2019-10-13 02:08
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The following is a list of Gaelic place-names in the Ballykelly division of Horeswood parish or of townlands adjacent to Ballykelly school district.
Bánafaira (bán a' féire), probably the Grassy Field, situated in Strokestown.
Bánaheencha, (Bán na hInnse) probably the Island Field, situated in Strokestown.
Ballmeen - (Ball Meadhon) probably the middle district, situated on top of Camblin Hill.
Carrigaloo - (Carraig a' lúigh) probably the Rock of the Shouts) situated in Dunganstown.
Tubbernakirka, (Tobar na Circe), (Tobar Coirce) either the Well of the Hen, or The Well of Oats, probably the former.
The Crickeen - (An Cruicín) - probably a corruption of An Cruicín, situated in Camblin.
senior member (history)
2019-10-12 23:59
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Don't put out the people of Toore they will pay. "I will" said the landlord and he went out. When he was out he took a pain in his his stomack and died going home. So the people were not evicted.
Father Moore was the priests name and when the curate came he was vexed because meat was fried on Friday. Mind you business says he "I am Parish Priest and I can do what I like.
senior member (history)
2019-10-12 23:58
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In olden times a cure for whooping cough was a piece of dry bread two married people of the same name surname. Also a hair from the head of a boy that was not born for some time after his father died. The seventh son had the cure of worms in children. There is a well not far from here called Tubber-Ann it is a holy well and people come on May Eve and say prayers in honour of it and to optain cures of different kinds. Its water is a real cure of warts.
senior member (history)
2019-10-12 23:55
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In Clonfad near Rattan there were seven Bishops buried. When the seventh Bishop was in the hearse to be buried a little woman ran out of an old castle that is near the graveyard and asked was that place going to be as holy as Rome and the horses stopped immediately and would not go on. So they had to bury him on the side of the road. Now when anyone has a disease he is told to get a bit of the clay of the grave and replace it with other clay. Then to boil the clay in milk and eat it and it is said it will cure the disease.
senior member (history)
2019-10-12 23:54
approved
rejected
awaiting decision
cream and table turning over on top of her.
The whole house and floors seemed shaking and she begged of them to help her get up but they only shouted at her and told her to have patience till the house go steady. After some time she got to her feet drenched through with cream and by this time some of the neighbours arrived.
She asked one of them to leave her at home til she would change her clothes but at the same time she had her mind fully made up not to come back any more. When she and her companion had gone out they passed through the haggard and the moment they entered it a large cock of hay started blowing in all directions although there was not a breeze of wind.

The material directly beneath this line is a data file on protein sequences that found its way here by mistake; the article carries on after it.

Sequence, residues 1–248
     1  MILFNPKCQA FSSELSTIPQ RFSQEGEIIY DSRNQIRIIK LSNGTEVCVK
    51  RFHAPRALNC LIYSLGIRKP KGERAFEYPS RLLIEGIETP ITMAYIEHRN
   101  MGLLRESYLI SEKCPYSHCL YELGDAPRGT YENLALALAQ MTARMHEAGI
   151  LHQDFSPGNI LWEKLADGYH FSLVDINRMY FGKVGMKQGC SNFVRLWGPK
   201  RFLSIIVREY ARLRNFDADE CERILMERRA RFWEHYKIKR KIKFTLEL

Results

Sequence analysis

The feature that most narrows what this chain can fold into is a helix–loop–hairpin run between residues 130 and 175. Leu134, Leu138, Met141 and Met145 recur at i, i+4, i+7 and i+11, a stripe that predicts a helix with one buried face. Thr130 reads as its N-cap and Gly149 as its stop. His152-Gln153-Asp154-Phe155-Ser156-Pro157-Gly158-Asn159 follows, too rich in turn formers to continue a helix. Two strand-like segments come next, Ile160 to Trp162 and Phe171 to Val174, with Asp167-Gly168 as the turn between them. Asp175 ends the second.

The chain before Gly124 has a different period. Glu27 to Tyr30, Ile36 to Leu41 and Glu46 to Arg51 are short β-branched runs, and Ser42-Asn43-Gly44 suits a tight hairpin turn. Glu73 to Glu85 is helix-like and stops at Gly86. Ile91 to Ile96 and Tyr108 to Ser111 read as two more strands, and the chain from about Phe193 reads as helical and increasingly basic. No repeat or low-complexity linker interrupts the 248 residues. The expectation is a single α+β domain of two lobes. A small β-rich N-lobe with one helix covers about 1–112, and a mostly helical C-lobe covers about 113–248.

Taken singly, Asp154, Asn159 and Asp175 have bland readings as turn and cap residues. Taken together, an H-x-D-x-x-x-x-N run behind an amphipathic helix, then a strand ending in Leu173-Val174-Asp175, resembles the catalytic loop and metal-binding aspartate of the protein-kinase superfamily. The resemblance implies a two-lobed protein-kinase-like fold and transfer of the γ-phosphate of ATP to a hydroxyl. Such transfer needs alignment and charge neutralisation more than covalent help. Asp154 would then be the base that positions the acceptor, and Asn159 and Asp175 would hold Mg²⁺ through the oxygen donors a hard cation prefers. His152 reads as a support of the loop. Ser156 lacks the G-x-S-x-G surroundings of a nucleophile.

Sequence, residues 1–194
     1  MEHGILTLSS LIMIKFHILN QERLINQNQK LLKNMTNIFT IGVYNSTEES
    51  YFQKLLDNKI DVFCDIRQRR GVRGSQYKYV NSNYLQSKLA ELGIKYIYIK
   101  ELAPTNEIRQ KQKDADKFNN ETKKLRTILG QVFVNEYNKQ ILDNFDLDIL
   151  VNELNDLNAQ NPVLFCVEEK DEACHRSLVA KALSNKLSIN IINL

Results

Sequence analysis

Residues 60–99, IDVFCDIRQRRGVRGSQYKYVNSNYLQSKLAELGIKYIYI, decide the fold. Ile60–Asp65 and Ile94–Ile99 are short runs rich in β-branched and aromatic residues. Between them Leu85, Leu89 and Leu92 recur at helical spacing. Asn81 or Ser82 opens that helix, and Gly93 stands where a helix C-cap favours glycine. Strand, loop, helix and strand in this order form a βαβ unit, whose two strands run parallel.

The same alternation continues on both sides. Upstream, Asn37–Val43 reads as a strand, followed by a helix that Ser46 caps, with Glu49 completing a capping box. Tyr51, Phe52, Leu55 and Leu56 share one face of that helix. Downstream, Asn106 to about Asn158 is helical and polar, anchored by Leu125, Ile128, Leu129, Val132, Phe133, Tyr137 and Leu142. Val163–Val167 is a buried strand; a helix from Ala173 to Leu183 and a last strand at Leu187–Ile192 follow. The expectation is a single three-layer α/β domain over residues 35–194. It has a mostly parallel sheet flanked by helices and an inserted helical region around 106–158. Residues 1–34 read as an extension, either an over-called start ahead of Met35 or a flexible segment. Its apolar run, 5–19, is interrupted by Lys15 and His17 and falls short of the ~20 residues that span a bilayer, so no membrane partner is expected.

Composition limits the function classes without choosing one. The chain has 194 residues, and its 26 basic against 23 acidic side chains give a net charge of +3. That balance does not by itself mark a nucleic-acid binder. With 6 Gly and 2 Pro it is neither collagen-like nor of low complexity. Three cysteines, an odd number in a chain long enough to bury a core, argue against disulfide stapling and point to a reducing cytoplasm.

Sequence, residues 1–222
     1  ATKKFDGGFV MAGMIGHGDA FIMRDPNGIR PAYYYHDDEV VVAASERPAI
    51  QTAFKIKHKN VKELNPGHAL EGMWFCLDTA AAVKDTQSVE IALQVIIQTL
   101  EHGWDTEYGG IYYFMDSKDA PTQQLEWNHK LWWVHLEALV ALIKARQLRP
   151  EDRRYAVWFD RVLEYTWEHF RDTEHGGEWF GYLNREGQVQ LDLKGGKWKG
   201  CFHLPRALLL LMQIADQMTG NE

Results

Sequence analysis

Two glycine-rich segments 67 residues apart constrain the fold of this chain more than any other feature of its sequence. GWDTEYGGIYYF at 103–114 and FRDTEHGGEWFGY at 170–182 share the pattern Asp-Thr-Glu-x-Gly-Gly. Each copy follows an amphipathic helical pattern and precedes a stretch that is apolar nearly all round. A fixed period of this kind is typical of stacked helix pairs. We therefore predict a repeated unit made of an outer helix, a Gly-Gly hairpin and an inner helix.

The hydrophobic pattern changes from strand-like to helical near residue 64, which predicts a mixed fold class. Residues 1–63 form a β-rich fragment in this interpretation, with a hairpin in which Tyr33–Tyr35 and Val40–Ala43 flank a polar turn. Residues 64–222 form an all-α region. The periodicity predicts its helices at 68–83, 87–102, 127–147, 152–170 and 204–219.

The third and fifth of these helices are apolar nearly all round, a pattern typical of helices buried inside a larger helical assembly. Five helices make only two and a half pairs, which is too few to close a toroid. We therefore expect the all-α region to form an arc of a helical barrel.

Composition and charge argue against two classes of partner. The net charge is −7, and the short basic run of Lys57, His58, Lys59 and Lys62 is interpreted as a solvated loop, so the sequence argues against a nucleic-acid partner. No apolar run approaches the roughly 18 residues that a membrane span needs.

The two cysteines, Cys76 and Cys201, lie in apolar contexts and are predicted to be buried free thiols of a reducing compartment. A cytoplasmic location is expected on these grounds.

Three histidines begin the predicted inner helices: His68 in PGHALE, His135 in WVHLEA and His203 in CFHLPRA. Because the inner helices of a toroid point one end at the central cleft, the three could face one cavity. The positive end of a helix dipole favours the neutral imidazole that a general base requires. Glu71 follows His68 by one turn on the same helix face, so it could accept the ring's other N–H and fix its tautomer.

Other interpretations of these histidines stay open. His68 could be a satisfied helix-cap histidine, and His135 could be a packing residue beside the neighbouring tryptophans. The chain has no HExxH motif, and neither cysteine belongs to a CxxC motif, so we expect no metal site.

Next day there was hay found on hedges and trees two miles away but not a particle of the cock remained in the haggard. All the people in the locality remained silent as to the happenings of that night. Two years ago this house fell and is now in ruins. It is said that if a cock of hay is put there in the night it will be gone in the morning.
senior member (history)
2019-10-12 23:52
approved
rejected
awaiting decision
but the dough left on it could almost feed a pig. He gave it to the horse and the man went to the next house and asked for a white drink for his horse. The girl asked what was she to put into it. He said "Oh the dough on the breadboard will do". "Well" she says, "if it does you it will do me" and she ran for it but it was scrubbed as white as snow. So this is the woman he chose and they were married and lived happily ever afterwards.
senior member (history)
2019-10-12 23:06
approved
rejected
awaiting decision
Is beag sean duine a chífeá gan caipín ar a cheann mar deireann siad ná fanfadh an t-innleacht acu mara gcoiméadfaidh na caipíní ar a gceannaibh.
senior member (history)
2019-10-12 23:03
approved
rejected
awaiting decision
Amhsuideóir i ngáirdín leasadóra = Muc i ngarrdín feirmeóra = Pig in a china shop i.e. dhéanfad siad díoghbháil mhór de bárr tuathalachta.
senior member (history)
2019-10-12 23:02
approved
rejected
awaiting decision
The following are some local place names.

Sligo or Sligeac means the Shelly river.

Tirerach or Tír Fíacra takes its name from Fiachra Ealgach son of Dathí and great grand son of Eochy Moyvane, King of Ireland 358 to 365.

Dromard or Drom Árd which means high ridge takes its name from the elevated position of its old church on the slope of the Ox mountains.

Skreen or Scrín (Colm Cille) gets its name from the latin word Scrinium which (a) means a shrine because St Adaman's shrine was deposited in the church there.

Ballinlig or Baile an Luig which means the village of the hollow because the houses are built in a hollow beside the sea.

Beltra or Béal Trága which means the mouth of the strand because formerly the sea came up much further than it does now. They built a big embankment which now keeps back the sea.